The Truth About Getting Over A Heartbreak When You Never Thought You Would

girl in a bunch of grass
Jilbert Ebrahimi

About 3 and a half years ago I got my heart broken so terribly I thought I might never recover from it.

I found myself in the midst of a major depression that I would spend the next three years battling. The depths of rock bottom had me sucked in so deep that the thought of ever seeing light or loving someone again seemed so impossible.

My world was a gaping black hole and no one could pull me out of it.

However, today that is not the case.

I don’t sit here and write this with my heart completely healed. There is not a day that goes by in which I don’t think about these past few years and how tough it has been. And I still have my moments where I doubt the progress I’ve made.

That being said, I am in a much better place than I was even a year ago. My depression isn’t the first thing that hits me when I wake up in the morning, nor is it something I dwell on as I go about my day. I sincerely smile more than I used to, I sing in the car without even realizing I am and I offer people the best version of myself more than I was ever able to.

There are several active steps I took to counter the sadness. I wanted to share a few of them to give people a little insight as to what it takes to recover from a tragic life event and to give people hope that it does indeed get better.

I started treating myself the way I would treat someone I was best friends with. I began re-framing my own self image and being truly kind to this body and mind I call home.

Therapy is something that has completely changed my life. I’ve been going every week for the past year and I can truthfully conclude that it is the healthiest thing I have ever done.

I learned about my strengths and weaknesses, the roots of my depression and how to shift my mindset into something positive and helpful for self growth.

Unfortunately there is a grim stigma attached to the prospect of attending therapy. But when you have the right therapist and the right attitude, exploring yourself through this means can be remarkable.

Another tool that helped the mending of my heart was channeling passion. I have always been an extremely passionate person and some of that was geared towards my romantic relationship. Just like I had to find an alternative place to put that love, I had to find a place to put that passion.

Getting more involved in the hobbies and subjects that evoke extreme interest for me was so healing. Indulging myself with the things I love to do was also liberating. Being in a relationship is wonderful for so many reasons but it is very possible to lose a bit of yourself in the whirlwind of it all. Allowing myself to simply enjoy what I like because I like it, only added to the self love I started creating and elevating.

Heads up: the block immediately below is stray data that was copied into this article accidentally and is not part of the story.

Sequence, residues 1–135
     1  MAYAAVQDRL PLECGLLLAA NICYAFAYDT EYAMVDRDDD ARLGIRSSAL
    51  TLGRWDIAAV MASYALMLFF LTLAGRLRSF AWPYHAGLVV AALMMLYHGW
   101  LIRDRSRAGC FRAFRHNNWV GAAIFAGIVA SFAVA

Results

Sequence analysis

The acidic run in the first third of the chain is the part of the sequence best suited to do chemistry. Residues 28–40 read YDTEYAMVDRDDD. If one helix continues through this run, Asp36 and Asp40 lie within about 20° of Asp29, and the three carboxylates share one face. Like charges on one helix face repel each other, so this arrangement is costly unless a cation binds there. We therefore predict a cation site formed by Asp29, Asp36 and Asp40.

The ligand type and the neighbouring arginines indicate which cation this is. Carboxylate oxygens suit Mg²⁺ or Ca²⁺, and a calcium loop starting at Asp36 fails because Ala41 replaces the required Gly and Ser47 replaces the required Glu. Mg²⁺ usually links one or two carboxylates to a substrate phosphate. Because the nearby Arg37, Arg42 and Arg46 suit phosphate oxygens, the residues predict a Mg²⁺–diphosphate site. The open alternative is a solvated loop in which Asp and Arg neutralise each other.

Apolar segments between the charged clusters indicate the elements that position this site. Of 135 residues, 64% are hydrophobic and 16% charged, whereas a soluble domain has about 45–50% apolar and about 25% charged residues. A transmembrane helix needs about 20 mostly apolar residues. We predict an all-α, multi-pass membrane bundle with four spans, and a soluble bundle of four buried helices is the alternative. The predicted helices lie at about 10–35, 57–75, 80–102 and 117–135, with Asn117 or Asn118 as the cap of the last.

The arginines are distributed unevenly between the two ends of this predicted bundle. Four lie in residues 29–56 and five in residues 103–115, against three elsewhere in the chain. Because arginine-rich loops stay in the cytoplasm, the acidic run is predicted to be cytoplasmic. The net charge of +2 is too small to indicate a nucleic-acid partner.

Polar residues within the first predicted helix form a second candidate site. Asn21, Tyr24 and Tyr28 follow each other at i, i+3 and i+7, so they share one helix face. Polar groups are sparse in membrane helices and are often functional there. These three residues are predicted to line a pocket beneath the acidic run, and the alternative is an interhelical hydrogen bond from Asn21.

In order to cope with the crippling pain I began to write about my experience dealing with the grief.

I submitted my work to several online outlets and luckily was published by several websites. Within a month or so of my first few articles going live, I began getting emails from kindred spirits.

Heartbroken people from India, Germany and Brazil would disclose their own bleeding hearts and tell me how my words helped to bring them comfort.

Even today I often receive emails from people who find my articles and bookmark them to read over and over. A lot of the messages say that my words have been the only thing that has helped them through this difficult time. There is no sentence worthy enough to convey how humbled I am by that notion.

I always make sure to respond to each individual email to let them know that they are not alone in this process.

Discovering this network of beautifully broken souls helped me more than anything. Knowing that you are not alone in your suffering is possibly the most comforting thing about grief. I want people to know that there are thousands of us and we are reachable.

Lastly and most importantly, let yourself truly grieve your relationships. If you try and rush the process, you will end up hurting others and yourself. I broke a few hearts and deepened my own troubles by avoiding the grief that still existed inside me.

Mourning doesn’t give a damn about your timeline. It is messy, inconvenient and prominent to every aspect of your life.

Whether you’ve been recently heartbroken or are going on four years, know that it is okay to feel the tsunami of emotions that will be thrown your way. Years will go by and you will learn to forget precious memories and you will learn to love yourself more than you ever have, but it is still okay to cry.

You will love again, and feel all the incredible feelings that come with that bewitching emotion, but treasure yourself in the meantime. Treat yourself with all the respect and nurture you would someone you’re in love with.

It gets better, it truly does. Remember to give your grief the moments it deserves, recognize what makes you uniquely beautiful to this world and always know that above all, you are not alone. TC mark

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